I talk about it. I work with a team of people who I not only respect professionally, but who I also genuinely enjoy as humans. In our regular one on ones and team meetings, we make space to talk about stress and provide each other with unconditional support. It’s probably one of my favorite parts of working at Panorama and with the team I have.
How many cups of coffee do you have in a day?
Up until recently, I was not an avid coffee drinker. In August I gave birth to a baby girl and a cup of coffee (or two) has now become part of the routine. Being a mom has brought so much joy and I want to be awake and present for every possible moment.
What’s one of your favorite places in the Boston area?
I love going to the North End. Italy is one of my favorite places in the world, and I think going to the North End evokes a sense of nostalgia from past trips. The community vibe, the food, the people -- it creates a cozy atmosphere that I really appreciate.
What do you consider one of your proudest accomplishments so far?
Working at high growth companies means experiencing really high highs and really challenging lows. Some of my proudest moments were at those low points. When things don’t go as planned, it forces the team to come together in meaningful ways. When I first started at Panorama, there was a time when we weren’t on track to hit our revenue goals, and we needed to figure out our sales strategy and ways to accelerate growth to get back on track. So the co-founders and I met up one weekend in the office to brainstorm, and I’ll never forget that weekend. It was freezing in the office, and I remember being in the conference room wrapped up in coats. But we had a really productive session. We did a lot of white boarding and a lot of sticky notes, and we just left completely aligned and energized. Shortly after that we quickly got back on track, and I think looking back from where we are now, this is one of our best spent weekends. It was right when I started at Panorama and I was still getting to know folks, and it was just such a meaningful experience for the three of us together.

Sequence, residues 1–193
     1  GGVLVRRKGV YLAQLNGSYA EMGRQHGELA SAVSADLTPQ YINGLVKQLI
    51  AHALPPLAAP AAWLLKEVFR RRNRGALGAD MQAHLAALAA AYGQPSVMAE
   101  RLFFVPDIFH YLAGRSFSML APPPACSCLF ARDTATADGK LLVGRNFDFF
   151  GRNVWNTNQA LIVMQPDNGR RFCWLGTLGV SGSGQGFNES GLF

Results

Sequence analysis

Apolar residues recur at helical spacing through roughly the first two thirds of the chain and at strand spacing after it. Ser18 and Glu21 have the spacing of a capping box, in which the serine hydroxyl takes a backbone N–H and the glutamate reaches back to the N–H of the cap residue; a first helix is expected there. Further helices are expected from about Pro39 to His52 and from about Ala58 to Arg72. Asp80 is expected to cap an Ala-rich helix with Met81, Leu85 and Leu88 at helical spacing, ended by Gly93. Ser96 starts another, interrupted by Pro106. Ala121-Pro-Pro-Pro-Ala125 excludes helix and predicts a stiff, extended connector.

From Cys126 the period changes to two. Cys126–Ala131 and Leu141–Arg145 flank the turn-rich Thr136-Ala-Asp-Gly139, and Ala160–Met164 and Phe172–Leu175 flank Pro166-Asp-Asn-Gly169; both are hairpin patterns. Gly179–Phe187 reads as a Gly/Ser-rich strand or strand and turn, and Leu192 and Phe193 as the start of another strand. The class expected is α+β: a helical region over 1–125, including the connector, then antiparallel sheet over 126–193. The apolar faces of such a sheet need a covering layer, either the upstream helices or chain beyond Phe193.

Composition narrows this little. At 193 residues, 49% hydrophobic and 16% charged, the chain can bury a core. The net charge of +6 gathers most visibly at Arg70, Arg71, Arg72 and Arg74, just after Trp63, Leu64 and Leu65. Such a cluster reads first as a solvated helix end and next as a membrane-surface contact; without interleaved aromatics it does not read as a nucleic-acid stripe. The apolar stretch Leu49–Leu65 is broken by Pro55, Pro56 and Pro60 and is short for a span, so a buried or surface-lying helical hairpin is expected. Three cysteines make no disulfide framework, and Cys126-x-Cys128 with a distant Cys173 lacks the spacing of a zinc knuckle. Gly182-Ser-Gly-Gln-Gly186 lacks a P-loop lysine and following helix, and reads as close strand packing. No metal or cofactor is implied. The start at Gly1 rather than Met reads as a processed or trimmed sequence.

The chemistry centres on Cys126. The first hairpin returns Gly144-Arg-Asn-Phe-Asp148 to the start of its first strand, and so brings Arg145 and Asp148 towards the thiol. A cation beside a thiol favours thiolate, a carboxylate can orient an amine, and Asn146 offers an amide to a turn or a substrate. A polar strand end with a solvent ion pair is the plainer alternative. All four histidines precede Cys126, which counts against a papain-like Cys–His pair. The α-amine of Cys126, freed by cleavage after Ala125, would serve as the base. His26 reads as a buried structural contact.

How does where you are now compare to where you saw yourself 10 years ago?
Almost exactly 10 years ago I had transitioned at athena from working in accounting to working in financial planning and analysis, and in that role I was able to work with and learn from some really inspiring leaders like Ed Park. Ed taught me to use numbers and data to craft a story and build a long-term, strategic vision. I knew at that point that I wanted my future to be at a high-growth company with kind, passionate, and wildly intelligent people, and I knew that I wanted to continue to build teams and mentor others. I think I’ve been lucky enough to find exactly that at Panorama.
What’s your advice for recent college graduates?
Athena’s first CFO, Carl Byers, gave me the advice to do something every quarter that is resume-worthy. He really encouraged me to self-reflect each quarter about what I had accomplished and whether it was worthy of a bullet on a resume, and I found that advice to be really compelling. It forced me to be thoughtful about taking on new challenges. I think that at times, people can get held back by self-doubt or fear of going outside their comfort zone, especially for women and others in underrepresented groups. The advice that Carl gave me helps hold me accountable for my own professional development, and I think I’d really encourage recent graduates to do the same.